02-Planeta_manchette_175x100
Allegrini 2018
WINE AND FIGURES

A “liquid treasure” of 7-7.5 billion euros of PDO and PGI wines in Italian wineries

WineNews estimates, on Ismea and Icqrf data, between stocks and quotations. Prosecco (between DOC and DOCG) over 1 billion euros
EURO, ICQRF, ISMEA, MILIARDI, WINE, News
A “liquid treasure” of 7-7.5 billion euros of PDO and PGI wines in Italian wineries

It starts with a “liquid treasury” with an estimated value of 7-7.5 billion euros for the production in 2018 of Italian denomination wine. This is the figure, for approximation, that emerges from the WineNews analysis, which has cross-referenced data on cellar stocks as at 31 December 2018, disclosed by the Ministry of Agriculture, with the bulletin “Cantina Italia” n. 22, on data from the electronic register, and the latest quotations of PDO and PGI wines of Ismea, updated to November 2018. Thus, with an average yield of 170 euros per hectolitre for PDO wines of Italy (29 million hectoliters are planted in the cellars of Italy), and around 80 euros for PGI wines (14.9 million hectoliters), the bill is ready very soon.
It should be noted that this is an estimate, and not a precise statistical data, and also considering that the Ismea quotations are the original prize of the cellar, excluding VAT and referring to the last vintage on the market, while the telematic register takes into account what is in the winery, including the product of previous years.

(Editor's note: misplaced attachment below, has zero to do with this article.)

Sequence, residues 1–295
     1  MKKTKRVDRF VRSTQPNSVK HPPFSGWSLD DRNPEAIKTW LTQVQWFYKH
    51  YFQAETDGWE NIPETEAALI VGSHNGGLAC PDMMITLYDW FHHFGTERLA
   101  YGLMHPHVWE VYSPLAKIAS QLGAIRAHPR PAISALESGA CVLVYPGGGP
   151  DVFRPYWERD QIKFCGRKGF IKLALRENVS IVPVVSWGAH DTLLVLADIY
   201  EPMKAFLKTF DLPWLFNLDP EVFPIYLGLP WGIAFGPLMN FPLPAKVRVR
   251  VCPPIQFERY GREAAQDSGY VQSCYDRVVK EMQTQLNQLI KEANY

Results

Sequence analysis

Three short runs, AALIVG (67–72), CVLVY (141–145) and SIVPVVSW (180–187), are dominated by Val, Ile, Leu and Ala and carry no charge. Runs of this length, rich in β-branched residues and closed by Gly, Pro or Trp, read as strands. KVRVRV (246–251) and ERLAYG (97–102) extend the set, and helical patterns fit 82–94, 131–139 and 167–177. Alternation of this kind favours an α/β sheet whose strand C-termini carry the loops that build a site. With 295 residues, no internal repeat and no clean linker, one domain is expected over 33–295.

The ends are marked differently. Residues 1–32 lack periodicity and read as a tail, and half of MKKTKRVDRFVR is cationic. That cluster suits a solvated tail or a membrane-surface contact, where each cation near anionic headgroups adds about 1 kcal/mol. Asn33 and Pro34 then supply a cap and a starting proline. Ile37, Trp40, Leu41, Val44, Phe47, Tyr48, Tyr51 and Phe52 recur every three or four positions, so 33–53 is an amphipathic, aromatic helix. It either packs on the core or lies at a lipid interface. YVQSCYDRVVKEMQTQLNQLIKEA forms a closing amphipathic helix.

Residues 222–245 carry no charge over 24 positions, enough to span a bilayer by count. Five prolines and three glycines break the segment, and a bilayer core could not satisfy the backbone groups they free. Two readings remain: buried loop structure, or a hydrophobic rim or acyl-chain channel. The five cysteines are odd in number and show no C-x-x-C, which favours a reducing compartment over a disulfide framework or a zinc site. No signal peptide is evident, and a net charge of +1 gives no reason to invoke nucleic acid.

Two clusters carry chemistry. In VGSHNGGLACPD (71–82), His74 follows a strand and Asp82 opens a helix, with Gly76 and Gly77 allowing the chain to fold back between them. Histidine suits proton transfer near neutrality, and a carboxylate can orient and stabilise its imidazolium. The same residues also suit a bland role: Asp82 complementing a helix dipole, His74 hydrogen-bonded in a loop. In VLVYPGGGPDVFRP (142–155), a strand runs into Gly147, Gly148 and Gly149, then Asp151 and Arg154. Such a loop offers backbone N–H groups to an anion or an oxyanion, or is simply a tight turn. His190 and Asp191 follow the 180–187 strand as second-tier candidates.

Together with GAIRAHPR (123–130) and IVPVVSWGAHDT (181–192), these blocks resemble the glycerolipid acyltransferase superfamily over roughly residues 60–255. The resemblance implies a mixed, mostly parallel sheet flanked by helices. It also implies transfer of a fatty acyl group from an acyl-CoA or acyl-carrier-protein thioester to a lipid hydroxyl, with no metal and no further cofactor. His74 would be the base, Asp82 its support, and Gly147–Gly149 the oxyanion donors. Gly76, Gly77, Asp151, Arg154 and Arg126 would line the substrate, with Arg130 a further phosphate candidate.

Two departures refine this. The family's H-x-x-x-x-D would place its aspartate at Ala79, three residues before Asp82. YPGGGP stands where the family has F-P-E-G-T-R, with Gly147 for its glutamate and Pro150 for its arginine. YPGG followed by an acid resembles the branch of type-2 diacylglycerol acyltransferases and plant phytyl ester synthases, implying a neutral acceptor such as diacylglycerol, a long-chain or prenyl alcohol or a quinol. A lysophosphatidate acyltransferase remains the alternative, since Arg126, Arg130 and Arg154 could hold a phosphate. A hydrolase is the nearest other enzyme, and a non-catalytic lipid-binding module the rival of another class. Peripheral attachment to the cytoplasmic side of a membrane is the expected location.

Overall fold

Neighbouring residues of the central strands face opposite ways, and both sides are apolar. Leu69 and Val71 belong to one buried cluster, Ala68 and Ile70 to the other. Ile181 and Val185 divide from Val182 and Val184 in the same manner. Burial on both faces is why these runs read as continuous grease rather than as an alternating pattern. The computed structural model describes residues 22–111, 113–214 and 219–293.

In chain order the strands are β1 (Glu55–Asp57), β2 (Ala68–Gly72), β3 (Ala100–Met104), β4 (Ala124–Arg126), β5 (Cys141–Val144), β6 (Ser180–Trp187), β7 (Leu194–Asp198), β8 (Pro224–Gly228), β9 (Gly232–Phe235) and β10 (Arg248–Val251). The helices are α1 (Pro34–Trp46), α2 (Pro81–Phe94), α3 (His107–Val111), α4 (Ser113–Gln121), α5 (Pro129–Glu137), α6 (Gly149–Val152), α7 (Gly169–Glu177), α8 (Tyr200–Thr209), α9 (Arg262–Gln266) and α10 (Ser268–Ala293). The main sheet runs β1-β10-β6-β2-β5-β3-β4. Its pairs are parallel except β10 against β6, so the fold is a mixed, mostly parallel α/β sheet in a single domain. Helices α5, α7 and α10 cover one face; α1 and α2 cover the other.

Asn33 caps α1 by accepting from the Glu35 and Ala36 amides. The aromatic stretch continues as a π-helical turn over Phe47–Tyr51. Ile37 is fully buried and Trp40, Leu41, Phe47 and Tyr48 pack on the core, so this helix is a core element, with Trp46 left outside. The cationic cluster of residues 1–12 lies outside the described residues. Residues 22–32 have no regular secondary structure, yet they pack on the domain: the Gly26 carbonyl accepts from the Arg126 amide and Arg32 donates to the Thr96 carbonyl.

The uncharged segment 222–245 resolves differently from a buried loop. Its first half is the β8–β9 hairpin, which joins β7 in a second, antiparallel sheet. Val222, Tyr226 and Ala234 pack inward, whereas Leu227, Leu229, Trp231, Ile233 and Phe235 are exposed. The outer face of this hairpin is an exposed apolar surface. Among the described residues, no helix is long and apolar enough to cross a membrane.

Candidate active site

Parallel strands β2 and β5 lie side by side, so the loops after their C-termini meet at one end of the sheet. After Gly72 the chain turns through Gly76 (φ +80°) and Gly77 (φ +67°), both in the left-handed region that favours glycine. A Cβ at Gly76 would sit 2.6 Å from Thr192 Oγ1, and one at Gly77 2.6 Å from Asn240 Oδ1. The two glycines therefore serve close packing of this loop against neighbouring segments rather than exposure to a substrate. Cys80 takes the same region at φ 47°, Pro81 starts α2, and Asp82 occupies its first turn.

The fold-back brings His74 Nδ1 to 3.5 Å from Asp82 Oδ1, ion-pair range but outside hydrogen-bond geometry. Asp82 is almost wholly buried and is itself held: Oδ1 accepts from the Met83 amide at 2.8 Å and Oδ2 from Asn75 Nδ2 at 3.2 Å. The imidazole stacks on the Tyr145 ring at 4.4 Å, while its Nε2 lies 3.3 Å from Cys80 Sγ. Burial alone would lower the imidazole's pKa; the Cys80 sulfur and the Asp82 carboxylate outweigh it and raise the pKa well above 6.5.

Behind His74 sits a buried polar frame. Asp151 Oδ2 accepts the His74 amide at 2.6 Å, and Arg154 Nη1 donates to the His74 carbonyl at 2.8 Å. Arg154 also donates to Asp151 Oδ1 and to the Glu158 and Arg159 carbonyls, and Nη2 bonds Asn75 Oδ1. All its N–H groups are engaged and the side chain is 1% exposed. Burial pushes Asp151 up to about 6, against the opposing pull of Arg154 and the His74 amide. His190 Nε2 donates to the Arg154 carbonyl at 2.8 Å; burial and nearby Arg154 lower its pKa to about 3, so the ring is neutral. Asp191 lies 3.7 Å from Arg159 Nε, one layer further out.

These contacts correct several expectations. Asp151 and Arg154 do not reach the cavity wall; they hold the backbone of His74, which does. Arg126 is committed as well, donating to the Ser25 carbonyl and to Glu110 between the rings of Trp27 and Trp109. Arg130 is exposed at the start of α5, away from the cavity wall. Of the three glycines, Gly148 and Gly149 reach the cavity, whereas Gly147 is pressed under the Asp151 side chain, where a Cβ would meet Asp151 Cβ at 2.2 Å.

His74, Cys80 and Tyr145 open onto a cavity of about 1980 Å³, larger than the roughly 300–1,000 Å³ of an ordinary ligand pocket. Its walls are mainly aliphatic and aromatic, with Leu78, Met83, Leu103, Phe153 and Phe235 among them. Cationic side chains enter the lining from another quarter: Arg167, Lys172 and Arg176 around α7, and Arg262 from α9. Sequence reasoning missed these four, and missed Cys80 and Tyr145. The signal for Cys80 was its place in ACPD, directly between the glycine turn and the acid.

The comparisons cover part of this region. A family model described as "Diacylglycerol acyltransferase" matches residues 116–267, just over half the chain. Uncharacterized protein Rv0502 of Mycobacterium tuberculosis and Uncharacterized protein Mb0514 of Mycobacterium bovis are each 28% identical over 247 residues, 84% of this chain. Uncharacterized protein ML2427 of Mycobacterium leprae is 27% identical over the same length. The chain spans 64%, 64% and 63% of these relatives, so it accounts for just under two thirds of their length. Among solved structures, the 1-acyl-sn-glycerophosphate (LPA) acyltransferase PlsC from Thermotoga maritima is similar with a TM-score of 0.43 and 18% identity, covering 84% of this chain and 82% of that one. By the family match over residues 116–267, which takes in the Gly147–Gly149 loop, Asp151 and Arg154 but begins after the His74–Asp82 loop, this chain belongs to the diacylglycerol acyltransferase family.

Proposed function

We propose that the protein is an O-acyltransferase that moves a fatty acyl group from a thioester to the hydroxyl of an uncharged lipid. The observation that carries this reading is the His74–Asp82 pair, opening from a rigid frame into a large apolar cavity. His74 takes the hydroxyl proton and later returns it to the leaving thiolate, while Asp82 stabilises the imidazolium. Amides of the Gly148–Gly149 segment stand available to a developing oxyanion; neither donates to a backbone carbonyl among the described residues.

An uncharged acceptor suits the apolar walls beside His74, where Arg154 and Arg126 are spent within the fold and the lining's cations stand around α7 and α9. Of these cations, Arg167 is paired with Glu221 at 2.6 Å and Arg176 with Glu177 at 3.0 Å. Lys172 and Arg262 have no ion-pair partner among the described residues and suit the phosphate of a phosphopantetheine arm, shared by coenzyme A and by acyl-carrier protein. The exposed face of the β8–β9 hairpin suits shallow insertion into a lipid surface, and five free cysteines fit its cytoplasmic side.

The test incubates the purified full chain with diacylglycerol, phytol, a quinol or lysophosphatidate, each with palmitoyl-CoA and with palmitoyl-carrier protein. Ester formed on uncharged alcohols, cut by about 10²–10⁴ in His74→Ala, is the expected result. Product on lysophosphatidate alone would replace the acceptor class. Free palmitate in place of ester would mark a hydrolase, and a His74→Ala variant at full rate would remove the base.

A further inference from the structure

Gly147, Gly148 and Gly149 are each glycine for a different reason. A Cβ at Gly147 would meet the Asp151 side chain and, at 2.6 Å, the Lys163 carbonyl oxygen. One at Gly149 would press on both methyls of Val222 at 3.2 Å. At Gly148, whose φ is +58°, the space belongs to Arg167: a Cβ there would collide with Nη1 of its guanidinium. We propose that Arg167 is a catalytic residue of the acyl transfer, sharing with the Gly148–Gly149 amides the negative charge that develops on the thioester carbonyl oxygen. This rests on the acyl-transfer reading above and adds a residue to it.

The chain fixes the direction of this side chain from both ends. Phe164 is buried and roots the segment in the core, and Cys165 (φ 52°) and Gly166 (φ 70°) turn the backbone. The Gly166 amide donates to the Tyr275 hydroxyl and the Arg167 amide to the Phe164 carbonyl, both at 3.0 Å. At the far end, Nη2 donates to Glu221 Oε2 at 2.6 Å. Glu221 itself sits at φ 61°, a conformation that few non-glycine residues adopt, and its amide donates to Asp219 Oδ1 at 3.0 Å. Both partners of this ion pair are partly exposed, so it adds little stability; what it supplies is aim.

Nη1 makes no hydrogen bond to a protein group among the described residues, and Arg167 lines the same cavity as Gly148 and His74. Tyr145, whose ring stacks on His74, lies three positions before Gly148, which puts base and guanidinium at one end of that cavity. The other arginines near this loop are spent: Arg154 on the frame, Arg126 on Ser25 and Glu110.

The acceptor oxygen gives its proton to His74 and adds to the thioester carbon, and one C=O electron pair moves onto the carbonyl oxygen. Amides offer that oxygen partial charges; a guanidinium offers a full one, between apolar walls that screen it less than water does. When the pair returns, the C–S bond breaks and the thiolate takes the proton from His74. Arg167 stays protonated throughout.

An analysis that, however, can give an idea of the economic weight of Italian wine on the territories, on a production level, with absolute samples. Starting, of course, from the Prosecco world which, considering Ismea and Icqrf data, has a production value of more than 1 billion Euros, between the more than 800 million Euros estimated in the cellar for Prosecco Doc (4.5 million hectolitres for a price of 177 Euros per hectolitre) and the 250 million Euros for Conegliano Valdobbiadene Prosecco Superiore Docg (1.02 million hectolitres for 245 Euros per hectolitre).
Among the red wines, if the single name “richer” is that of Brunello di Montalcino, with a value estimated at over 407 million euros in the cellar (375,492 hectoliters for 1,085 euros per hectolitre), the Valpolicella stand out, with 340 million euro attributable to the 398,218 hectoliters of Amarone (which, according to the quotations of the Chamber of Commerce of Verona, travels between 800 and 900 euros per hectolitre), and 133 of Valpolicella (569,733 hectoliters for 234 euros per hectolitre), and the Langhe, with the 388 million euros of Barolo (511.461 hectoliters for 760 euros per hectolitre) and the 72 million euros of Barbaresco (143.133 hectoliters for 510 euros per hectolitre), to stay on the most famous denominations.

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